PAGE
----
Factional war inside Victoria's Labor Party is set to intensify after the party's powerful national executive restored voting rights for thousands of members.
The decision means more than 4500 party members will regain a vote in future preselections of candidates.
The national executive committee reached the decision on Friday morning, handing back full voting power to thousands of members who had had it stripped from them earlier this year by the Victorian ALP branch.
The move could give them a decisive say in determining who stands for state and federal seats. But it comes too late for preselections for the 2018 state election.
It will, however, give the members a vote on the preselection round for the next federal election.
The latest development comes against a backdrop of infighting for supremacy within Labor's Right faction, which has pitted long-time factional powerbroker Stephen Conroy against Victorian upper house MP Adem Somyurek???.
Their battle is over control of three ultra-safe Labor western suburbs electorates - Footscray, Williamstown and Tarneit.
Mr Conroy, who was communications minister under the Rudd-Gillard federal governments, tendered his resignation from Parliament last year.
Mr Somyurek was once trade and innovation minister in the Andrews government until he was dumped amid allegations he bullied a staff member, a charge he vehemently denied.
His sub-faction is expected to seize control of three prized seats.
The 4500 members whose voting rights have been restored belong to the central branch and are not allocated to local branches.
They originally held full voting rights until earlier this year when the Victorian ALP branch stripped them of the ability to cast ballots in preselection contests due to concerns about branch stacking.
Granting full voting rights for central branch members could radically alter the internal voter make-up for future preselections and would likely disadvantage Mr Somyurek's sub-faction.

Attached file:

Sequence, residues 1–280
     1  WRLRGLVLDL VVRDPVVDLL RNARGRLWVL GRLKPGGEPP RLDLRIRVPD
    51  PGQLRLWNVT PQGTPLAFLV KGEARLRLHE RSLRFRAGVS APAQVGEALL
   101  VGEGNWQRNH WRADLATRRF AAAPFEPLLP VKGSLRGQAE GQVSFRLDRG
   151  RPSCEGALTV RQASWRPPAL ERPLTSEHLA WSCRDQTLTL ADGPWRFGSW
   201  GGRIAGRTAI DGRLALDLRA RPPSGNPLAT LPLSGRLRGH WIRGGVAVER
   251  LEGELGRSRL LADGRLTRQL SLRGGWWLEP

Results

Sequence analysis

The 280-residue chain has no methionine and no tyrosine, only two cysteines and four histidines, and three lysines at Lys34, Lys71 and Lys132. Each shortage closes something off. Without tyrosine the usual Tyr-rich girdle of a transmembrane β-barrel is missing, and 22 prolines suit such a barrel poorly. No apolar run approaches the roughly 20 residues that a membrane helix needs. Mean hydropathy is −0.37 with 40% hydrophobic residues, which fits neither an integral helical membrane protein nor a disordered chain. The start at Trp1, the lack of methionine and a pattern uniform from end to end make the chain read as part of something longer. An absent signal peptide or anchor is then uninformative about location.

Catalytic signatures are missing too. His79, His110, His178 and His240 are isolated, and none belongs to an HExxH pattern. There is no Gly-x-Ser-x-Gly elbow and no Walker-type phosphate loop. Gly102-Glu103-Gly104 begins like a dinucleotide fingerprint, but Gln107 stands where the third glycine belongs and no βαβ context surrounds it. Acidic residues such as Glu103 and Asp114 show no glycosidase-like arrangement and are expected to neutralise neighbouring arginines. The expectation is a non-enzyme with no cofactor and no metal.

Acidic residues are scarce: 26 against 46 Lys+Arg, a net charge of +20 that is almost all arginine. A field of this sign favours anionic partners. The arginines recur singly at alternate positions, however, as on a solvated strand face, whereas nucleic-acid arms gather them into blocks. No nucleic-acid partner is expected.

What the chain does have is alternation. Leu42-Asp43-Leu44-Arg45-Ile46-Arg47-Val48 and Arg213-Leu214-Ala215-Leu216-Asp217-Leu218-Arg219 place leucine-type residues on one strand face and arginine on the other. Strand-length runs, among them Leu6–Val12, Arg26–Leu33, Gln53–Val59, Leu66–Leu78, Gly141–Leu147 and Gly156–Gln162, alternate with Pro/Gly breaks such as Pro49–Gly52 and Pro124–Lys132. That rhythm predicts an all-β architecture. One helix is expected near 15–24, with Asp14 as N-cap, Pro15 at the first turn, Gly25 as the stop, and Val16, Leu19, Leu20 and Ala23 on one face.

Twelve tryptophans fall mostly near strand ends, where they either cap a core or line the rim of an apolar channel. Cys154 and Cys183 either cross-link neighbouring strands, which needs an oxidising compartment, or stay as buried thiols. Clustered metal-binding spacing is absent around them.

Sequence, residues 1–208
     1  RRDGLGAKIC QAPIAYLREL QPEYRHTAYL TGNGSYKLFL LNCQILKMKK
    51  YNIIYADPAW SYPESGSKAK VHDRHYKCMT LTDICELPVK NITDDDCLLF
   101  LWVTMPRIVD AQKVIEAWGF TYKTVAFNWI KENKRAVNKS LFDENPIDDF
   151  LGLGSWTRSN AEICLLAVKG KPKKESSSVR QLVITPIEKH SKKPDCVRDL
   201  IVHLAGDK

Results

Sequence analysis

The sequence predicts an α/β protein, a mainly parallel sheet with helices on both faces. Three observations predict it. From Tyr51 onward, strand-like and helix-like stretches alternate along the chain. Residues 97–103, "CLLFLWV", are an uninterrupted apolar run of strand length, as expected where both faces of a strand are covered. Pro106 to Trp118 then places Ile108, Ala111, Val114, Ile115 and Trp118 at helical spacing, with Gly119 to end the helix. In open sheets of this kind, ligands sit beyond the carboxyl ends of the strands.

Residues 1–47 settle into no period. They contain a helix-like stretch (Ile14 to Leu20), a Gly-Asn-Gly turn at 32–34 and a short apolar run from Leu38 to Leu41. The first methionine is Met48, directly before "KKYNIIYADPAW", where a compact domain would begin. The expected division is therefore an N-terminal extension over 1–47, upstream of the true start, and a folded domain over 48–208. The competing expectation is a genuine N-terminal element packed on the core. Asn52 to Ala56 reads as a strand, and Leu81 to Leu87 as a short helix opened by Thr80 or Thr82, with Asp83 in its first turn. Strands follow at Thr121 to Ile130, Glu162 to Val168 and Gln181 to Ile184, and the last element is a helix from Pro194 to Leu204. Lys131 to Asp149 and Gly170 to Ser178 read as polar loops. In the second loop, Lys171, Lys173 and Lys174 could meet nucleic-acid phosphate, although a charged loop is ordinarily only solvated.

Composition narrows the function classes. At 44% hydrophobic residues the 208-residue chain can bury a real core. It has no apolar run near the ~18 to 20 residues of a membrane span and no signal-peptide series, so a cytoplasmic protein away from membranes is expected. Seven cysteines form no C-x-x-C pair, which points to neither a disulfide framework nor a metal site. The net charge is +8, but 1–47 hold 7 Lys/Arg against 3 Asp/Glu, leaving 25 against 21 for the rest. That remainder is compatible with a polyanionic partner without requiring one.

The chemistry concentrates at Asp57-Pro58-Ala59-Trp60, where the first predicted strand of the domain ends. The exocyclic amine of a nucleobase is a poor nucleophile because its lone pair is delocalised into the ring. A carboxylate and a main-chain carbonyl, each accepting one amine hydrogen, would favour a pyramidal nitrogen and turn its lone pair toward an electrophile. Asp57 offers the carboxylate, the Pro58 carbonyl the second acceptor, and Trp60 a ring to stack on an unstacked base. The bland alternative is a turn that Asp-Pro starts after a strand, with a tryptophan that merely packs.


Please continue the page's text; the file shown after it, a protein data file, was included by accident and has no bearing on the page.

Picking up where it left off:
Opposition Leader Bill Shorten is understood to be in favour of giving the central branch members a greater say in internal party matters.
Some of Labor's most senior members, including Mr Shorten and Anthony Albanese, are members of the national executive committee. Mr Conroy and Left factional leader Kim Carr are also members.
The national executive's decision comes after a failed legal challenge to stop Victorian preselection votes from proceeding last month until the controversy over the central branch members' votes could be resolved.
The challenge, by young Labor member and former Conroy staffer Bassel Tallal, was thrown out last month.
Meanwhile, exiled former emergency services minister Jane Garrett is expected to learn on Monday if her attempted move from the marginal seat of Brunswick to the relative safety of the Victorian upper house has succeeded.
About 1700 Labor members have voted on a replacement for retiring Western Metropolitan MP Khalil Eideh, whose electoral office is being investigated by corruption watchdog IBAC over alleged printing rorts.
Mr Eideh will step down at the 2018 election.
Ms Garrett is fighting Australian Services Union secretary Ingrid Stitt for preselection for his spot.
Her cause has been aided by an unofficial alliance with Mr Somyurek.
A party member linked with Mr Somyurek's faction hand-delivered about 600 votes to Labor's party headquarters in Docklands on Thursday, the day before Friday's voting deadline.
Labor sources confirmed the large delivery and said preselection votes are often delivered by hand to avoid potential delays with Australia Post.